Section 6, Resource Development, Chapter 18 (Resource Providers Approved to Provide Elevated Needs Foster Care Services) Subsection 2 Elevated Needs Level A, – Sub-subsection 3 (Characteristics of a Youth with Elevated Needs- Level A)

Section 6, Resource Development, Chapter 18 (Resource Providers Approved to Provide Elevated Needs Foster Care Services) Subsection 2 Elevated Needs Level A, – Sub-subsection 3 (Characteristics of a Youth with Elevated Needs- Level A)

18.2.3   Characteristics of a Youth with Elevated Needs-Level A

An approved Level A Resource Provider must be able to identify and have the skill set to handle effectively a youth identified has needing elevated needs level A foster care services. Youth with elevated needs require greater structure, supervision, and are less able to assume responsibility for their daily care. These youth have typically experienced multiple out-of-home placements.

Youth appropriate for Level A fall into one of two categories:

  1. Youth presently in a residential setting who may be moved to a less intensive setting, but not to a traditional resource home or to their parents’ home; or
  2. Youth who lack a viable placement in a traditional resource home and because of their presenting problems would be placed in a residential setting unless an available Level A resource home can be found.

Presenting problems displayed by the foster youth identified as needing Level A foster care services may include the following:

  • Behaviors which if not modified could result in the youth being designated as a status offender;
  • History of irresponsible or inappropriate sexual behavior, which has resulted in the need for extraordinary supervision;
  • Threatening, intimidating, or destructive behavior which is demonstrated by multiple incidents over a period of time;
  • Problems of defiance when dealing with authority figures;
  • Significant problems with peer relations;
  • Significant problems at school that affect academic achievement or social adjustment;
  • Significant problems with lying, stealing, or manipulating;
  • Significant problems of temper control;
  • Mild substance abuse related problems;
  • Oppositional behavior which contributes to placement disruptions and inability to function productively with peers, parent figures, birth family, etc.;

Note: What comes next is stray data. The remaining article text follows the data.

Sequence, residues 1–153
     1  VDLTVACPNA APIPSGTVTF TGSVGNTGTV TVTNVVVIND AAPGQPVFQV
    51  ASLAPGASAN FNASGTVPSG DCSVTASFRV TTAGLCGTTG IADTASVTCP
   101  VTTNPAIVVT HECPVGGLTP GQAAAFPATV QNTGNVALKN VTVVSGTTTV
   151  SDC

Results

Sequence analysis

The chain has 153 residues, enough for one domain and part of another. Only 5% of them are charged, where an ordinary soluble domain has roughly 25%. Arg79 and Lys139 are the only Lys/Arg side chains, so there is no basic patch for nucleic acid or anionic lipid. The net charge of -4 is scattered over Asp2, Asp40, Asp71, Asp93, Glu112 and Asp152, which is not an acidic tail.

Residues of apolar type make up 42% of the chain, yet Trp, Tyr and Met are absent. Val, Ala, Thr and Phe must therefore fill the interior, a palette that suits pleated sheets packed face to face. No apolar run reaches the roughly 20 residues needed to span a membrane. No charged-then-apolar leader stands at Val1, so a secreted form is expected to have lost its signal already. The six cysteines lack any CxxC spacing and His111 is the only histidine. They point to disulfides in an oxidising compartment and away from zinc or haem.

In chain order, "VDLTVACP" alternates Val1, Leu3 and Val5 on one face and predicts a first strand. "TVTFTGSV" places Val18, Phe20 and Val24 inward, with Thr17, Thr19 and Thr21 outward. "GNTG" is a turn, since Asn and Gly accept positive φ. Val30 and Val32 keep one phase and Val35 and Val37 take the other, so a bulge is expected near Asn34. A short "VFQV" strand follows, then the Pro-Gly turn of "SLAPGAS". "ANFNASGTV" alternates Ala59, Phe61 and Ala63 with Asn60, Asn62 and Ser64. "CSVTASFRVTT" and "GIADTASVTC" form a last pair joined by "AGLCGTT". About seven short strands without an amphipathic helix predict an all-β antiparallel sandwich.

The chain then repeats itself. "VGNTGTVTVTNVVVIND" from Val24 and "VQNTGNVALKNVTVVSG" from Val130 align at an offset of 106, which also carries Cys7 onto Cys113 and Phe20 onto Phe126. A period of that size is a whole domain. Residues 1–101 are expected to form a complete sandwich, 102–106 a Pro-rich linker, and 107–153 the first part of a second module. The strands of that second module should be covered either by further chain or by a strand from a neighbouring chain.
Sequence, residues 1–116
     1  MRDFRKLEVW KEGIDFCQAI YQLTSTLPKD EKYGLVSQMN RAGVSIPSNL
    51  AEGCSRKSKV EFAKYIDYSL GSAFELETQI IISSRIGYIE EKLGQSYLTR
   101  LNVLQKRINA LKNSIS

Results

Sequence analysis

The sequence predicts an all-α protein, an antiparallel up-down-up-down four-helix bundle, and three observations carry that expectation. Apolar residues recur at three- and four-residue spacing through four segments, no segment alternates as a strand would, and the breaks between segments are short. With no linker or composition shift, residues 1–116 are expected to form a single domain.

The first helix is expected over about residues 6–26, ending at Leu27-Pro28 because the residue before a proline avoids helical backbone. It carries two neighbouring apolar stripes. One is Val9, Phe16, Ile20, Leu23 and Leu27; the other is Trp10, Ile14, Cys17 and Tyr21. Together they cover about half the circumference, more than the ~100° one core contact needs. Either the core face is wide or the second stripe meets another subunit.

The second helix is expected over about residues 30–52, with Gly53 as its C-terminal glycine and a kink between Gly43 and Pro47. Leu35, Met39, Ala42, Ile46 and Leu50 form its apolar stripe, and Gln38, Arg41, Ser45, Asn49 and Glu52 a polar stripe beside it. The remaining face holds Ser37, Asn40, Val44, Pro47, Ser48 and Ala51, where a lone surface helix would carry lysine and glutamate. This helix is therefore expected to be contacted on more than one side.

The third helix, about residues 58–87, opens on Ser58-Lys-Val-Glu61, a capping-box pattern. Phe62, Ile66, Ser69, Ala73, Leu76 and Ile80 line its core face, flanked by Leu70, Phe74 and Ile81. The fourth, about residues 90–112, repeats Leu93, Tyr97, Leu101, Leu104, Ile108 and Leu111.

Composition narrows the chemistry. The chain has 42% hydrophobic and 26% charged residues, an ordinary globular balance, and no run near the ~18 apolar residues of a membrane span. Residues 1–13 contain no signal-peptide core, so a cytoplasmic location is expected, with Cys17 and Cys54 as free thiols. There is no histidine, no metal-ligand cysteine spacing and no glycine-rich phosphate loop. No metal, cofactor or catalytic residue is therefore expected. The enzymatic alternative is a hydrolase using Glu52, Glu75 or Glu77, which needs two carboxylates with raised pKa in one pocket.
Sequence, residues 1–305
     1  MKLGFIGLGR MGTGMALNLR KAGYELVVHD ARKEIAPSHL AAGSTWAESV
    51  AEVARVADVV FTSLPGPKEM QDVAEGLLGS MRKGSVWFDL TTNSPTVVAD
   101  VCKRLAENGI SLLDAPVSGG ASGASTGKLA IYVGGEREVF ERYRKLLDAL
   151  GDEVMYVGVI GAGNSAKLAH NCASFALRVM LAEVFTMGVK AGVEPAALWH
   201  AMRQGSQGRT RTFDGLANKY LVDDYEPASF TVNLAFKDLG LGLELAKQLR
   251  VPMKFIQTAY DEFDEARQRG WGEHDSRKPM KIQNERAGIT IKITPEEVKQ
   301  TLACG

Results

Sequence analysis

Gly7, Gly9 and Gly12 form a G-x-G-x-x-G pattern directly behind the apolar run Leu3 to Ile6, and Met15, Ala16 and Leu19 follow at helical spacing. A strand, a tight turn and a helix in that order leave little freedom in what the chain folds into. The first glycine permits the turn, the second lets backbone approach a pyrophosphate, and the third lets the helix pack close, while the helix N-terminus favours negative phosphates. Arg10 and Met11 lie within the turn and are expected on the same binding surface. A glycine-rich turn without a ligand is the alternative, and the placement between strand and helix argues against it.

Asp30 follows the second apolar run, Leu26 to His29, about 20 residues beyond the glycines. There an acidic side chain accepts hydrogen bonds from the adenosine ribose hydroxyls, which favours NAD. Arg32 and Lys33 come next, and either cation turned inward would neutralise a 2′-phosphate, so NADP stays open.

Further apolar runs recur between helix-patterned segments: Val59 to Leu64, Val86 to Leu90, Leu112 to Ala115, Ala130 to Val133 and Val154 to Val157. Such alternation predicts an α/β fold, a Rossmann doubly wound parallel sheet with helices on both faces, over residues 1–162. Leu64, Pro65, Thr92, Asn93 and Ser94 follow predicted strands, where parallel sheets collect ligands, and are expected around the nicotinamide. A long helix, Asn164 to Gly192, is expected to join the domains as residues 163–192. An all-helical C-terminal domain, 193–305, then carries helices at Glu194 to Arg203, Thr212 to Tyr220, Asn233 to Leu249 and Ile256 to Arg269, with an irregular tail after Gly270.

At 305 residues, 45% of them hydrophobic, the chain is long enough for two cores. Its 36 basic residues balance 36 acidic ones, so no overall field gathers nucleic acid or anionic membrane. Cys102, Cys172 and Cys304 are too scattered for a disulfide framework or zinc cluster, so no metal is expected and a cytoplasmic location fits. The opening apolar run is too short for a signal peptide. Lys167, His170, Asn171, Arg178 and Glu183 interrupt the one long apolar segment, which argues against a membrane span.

• Any of above behaviors, coupled with medical problems; or
  • Any of above behaviors displayed by one or more youth of a sibling group, qualifying the entire sibling group for placement together, if appropriate. However, not all youth would be eligible for the Level A maintenance rate.

Presenting Problems Displayed by the Youth with Elevated Needs–Level A

Presenting problems displayed by the Level A candidate may include the following:

  • Behaviors which if not modified could result in the youth being designated as a status offender;
  • History of irresponsible or inappropriate sexual behavior, which has resulted in the need for extraordinary supervision;
  • Threatening, intimidating, or destructive behavior which is demonstrated by multiple incidents over a period of time;
  • Problems of defiance when dealing with authority figures;
  • Significant problems with peer relations;
  • Significant problems at school that affect academic achievement or social adjustment;
  • Significant problems with lying, stealing, or manipulating;
  • Significant problems of temper control;
  • Mild substance abuse related problems;
  • Oppositional behavior which contributes to placement disruptions and inability to function productively with peers, parent figures, birth family, etc.;
  • Any of above behaviors, coupled with medical problems; or
  • Any of above behaviors displayed by one or more youth of a sibling group, qualifying the entire sibling group for placement together, if appropriate. However, not all youth would be eligible for the Level A maintenance rate.

 Youth Who May Not be Appropriate for Level A

Youth who may not be appropriate for Level A include:

  • Youth under the age of three (3) who cannot be treated effectively through the behavior modification treatment model;
  • Youth who exhibit severe psychiatric behavior, as diagnosed by a psychiatrist/psychologist, such as an obvious lack of emotional contact, affect disturbances, and/or severe thought distortions;
  • Youth with a recent history of extreme or dangerous physical aggression;
  • Youth with a recent history of fire setting;
  • Youth who have recently attempted suicide and continue to have suicidal ideations;
  • Youth with an IQ below 65(should also look at functioning);
  • Youth who are medically diagnosed as chemically dependent and whether they have had treatment;
  • Youth with severe medical or physical handicaps which present barriers that the child cannot or will not overcome;
  • Youth whose primary presenting problem, as diagnosed by a psychiatrist/psychologist is sexual addiction and who need extremely structured treatment and unusually close supervision; or
  • Youth with personality disorders, as diagnosed by a psychiatrist/psychologist, who have severe problems forming attachments with caretakers and significant others.

Chapter Memoranda History: (prior to 01-31-07)

CS03-21, CS03-27, CD05-72

Memoranda History:

CD10-08